The astronomical orientation of Stonehenge, meanwhile, was largely ignored by archaeologists. However, it received a tremendous boost during the 1960s and 1970s when Boston University astronomer Gerald Hawkins studied the site and used a computer to compare historical solar and lunar alignments with vantage points in Stonehenge. He published his findings in 1963 in Nature, then in an expanded version in a book, Stonehenge Decoded (1965), which offered the most convincing scientific evidence yet that Stonehenge served as an astronomical observatory, specifically as a calendar.
When one stands in the middle of Stonehenge and looks through the entrance of the avenue on the morning of the summer solstice, for example, the Sun will rise above the Heel Stone, which is set on the avenue. If one stands in the entrance and looks into the circle at dusk of that day, the Sun will set between a trilithon. According to Hawkins, the use of Stonehenge as a calendar probably evolved from painstaking trial and error experiments with wooden poles to a permanent form with the standing stones. Hawkins’s work was greeted with great interest and much skepticism. Nevertheless, along with other studies around the same time, it helped spur a trend for greater scientific research into Stonehenge and confirmed a new discipline, archaeoastronomy, the study of the use of astronomy among ancient societies.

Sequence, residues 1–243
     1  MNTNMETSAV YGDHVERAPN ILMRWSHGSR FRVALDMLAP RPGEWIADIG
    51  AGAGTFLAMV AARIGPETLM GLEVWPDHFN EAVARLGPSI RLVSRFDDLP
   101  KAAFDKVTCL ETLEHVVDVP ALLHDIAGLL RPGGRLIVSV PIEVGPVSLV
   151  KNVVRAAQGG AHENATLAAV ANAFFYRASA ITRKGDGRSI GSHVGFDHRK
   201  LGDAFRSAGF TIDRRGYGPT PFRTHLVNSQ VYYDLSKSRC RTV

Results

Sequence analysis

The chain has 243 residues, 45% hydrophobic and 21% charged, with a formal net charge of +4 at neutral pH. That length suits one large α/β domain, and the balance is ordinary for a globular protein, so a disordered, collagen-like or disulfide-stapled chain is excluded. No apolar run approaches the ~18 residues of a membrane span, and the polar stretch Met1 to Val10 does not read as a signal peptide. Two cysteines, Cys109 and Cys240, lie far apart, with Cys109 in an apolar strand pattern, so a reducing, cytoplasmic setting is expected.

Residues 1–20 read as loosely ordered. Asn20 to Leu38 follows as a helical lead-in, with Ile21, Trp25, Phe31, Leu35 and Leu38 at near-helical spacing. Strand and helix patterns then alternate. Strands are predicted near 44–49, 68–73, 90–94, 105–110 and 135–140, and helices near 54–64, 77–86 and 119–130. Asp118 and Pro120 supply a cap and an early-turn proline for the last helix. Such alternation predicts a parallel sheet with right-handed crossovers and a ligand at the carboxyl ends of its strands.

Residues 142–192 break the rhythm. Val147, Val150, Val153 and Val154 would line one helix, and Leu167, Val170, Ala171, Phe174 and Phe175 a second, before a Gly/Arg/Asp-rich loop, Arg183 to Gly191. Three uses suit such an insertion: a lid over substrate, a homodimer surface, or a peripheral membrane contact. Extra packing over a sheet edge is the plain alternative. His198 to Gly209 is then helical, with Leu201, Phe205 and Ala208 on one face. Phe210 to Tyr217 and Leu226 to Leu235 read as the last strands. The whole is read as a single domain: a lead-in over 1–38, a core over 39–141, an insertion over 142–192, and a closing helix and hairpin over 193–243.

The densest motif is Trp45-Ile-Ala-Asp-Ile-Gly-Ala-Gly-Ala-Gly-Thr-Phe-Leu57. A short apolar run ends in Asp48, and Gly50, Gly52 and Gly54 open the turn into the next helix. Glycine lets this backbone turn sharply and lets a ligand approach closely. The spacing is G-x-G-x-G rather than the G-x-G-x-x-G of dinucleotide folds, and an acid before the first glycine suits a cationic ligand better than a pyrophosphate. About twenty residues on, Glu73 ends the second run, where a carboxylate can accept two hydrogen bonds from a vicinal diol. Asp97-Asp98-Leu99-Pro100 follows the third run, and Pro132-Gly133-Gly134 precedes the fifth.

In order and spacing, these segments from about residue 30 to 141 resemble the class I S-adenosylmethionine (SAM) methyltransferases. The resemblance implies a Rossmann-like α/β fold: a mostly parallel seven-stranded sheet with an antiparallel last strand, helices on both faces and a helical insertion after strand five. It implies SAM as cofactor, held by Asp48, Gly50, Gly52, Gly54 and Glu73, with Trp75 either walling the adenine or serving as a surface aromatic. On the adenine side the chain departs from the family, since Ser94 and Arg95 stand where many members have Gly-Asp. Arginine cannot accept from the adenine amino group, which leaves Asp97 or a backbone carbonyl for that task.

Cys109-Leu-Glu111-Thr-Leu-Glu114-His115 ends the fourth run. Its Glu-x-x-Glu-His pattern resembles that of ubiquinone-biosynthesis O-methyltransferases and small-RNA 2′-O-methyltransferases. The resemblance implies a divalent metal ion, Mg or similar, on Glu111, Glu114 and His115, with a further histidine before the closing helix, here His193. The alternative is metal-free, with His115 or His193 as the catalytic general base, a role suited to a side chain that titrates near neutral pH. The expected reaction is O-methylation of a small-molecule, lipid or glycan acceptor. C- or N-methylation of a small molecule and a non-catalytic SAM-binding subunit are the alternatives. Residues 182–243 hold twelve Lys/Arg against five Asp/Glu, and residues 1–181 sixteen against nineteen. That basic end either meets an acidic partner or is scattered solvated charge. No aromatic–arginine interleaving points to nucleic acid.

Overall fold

Credit for Stonehenge to the Celts continued until the 1950s, when radiocarbon testing determined that Stonehenge dated from about 3000 B.C.E. and that work was begun on the site even before the Celts migrated into Britain from the European continent. Subsequent studies have revealed that Stonehenge was built in waves of construction spanning several centuries. Smaller stones were brought to the site around 2600 B.C.E. and the largest stones arrived around 2100 B.C.E. The last work on the site dates from around 1800 B.C.E.